Use this URL to cite or link to this record in EThOS: http://ethos.bl.uk/OrderDetails.do?uin=uk.bl.ethos.601113
Title: A study of a change in the method of organising the delivery of nursing care in a ward of a maternity hospital
Author: Metcalf, Claire
Awarding Body: University of Manchester
Current Institution: University of Manchester
Date of Award: 1982
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Abstract:
The aim of this research study was to introduce and examine the effects of a change to a system of Patient Allocation in a ward of a Maternity hospital. The study examined in particular the relationship between the organisation of the delivery of nursing care and three organisational outcomes which, in the nursing literature are reputed to be improved when a system of patient Allocation is used. These organisational outcomes are; 1) patient Satisfaction with care 2) The Job Satisfaction of the nursing staff 3) The nurse-patient relationship A review and analysis of the literature suggested that methods of organising the delivery of nursing care - Task Allocation and Patient Allocation - tend to be seen as mutually exclusive 'ideal' types and that they tend to be associated with different paradigms of care. In this study descriptive, experimental and action approaches were used and the data was obtained from two areas of investigation. 1) An experimental study whereby one ward introduced the new method of delivering care. 2) A series of interviews with the nurses and midwives who had worked in the ward where the changes were introduced, and in other wards of the hospital. Questionnaires, interviews and non-participant observation were the main instruments used to collect the data. The data obtained in the study provided little evidence to support the reputed advantages of a system of Patient Allocation. Two explanations for the results were suggested. 1) The use of Task Allocation and patient Allocation as mutually exclusive 'ideal' types has led to the image being confused with the reality. 2) Change from a system of Task Allocation to patient Allocation should be seen as a process and not an event.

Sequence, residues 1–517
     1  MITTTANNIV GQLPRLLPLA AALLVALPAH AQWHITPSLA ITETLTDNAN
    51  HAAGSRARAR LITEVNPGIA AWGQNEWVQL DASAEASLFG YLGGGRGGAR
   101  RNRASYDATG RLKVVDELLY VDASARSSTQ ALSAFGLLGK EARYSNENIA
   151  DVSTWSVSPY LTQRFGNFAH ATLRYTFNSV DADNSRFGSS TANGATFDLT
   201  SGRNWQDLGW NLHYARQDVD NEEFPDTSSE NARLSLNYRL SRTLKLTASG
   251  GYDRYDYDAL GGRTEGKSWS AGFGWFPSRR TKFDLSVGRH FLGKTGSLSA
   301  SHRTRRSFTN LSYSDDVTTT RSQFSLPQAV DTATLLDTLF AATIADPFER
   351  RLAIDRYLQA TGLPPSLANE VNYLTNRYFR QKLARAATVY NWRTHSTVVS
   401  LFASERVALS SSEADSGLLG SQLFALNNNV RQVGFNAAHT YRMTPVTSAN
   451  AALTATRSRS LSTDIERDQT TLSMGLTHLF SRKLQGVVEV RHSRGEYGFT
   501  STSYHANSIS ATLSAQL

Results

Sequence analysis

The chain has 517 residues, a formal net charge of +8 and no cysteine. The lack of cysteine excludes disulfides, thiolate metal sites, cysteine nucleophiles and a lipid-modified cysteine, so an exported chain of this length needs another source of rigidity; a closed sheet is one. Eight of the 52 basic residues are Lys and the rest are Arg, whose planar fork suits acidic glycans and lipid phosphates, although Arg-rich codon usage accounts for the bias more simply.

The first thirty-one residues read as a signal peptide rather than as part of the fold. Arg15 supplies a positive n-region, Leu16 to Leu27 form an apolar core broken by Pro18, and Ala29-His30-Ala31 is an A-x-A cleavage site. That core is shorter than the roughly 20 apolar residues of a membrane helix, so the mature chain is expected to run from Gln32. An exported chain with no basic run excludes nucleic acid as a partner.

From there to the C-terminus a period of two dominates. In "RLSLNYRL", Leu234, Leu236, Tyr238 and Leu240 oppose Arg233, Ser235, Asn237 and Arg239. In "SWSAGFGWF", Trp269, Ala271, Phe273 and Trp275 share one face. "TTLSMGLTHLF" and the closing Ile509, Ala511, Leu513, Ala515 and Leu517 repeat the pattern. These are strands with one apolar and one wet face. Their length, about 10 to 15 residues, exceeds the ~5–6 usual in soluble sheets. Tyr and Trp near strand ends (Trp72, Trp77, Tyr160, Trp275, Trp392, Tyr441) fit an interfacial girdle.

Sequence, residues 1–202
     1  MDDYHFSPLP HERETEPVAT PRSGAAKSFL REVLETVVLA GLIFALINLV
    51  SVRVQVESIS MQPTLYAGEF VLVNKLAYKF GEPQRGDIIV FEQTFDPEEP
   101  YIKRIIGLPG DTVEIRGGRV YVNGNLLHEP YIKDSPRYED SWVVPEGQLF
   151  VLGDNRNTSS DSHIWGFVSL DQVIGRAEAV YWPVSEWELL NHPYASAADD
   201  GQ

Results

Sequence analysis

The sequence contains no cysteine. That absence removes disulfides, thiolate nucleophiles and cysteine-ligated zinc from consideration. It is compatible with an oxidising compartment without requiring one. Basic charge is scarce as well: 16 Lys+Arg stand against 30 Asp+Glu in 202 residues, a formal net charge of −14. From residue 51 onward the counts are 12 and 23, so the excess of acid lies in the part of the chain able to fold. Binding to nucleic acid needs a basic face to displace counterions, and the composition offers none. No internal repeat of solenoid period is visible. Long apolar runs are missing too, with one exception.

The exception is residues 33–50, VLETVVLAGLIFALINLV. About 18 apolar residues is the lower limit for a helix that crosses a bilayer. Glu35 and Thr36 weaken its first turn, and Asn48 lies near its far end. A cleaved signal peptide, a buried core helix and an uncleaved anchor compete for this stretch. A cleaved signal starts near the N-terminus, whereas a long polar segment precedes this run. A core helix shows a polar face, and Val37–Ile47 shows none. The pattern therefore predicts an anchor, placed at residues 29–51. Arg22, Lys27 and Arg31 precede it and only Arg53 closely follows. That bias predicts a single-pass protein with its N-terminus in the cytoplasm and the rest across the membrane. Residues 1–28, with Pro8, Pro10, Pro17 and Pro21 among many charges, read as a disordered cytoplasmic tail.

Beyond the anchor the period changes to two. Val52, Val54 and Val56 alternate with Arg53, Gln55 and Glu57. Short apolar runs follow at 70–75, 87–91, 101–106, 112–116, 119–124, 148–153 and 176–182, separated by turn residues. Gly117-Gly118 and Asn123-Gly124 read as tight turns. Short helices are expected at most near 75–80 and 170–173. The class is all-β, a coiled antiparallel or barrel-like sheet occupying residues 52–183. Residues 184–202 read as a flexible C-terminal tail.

Supervisor: Not available Sponsor: Not available
Qualification Name: Thesis (Ph.D.) Qualification Level: Doctoral
EThOS ID: uk.bl.ethos.601113  DOI: Not available
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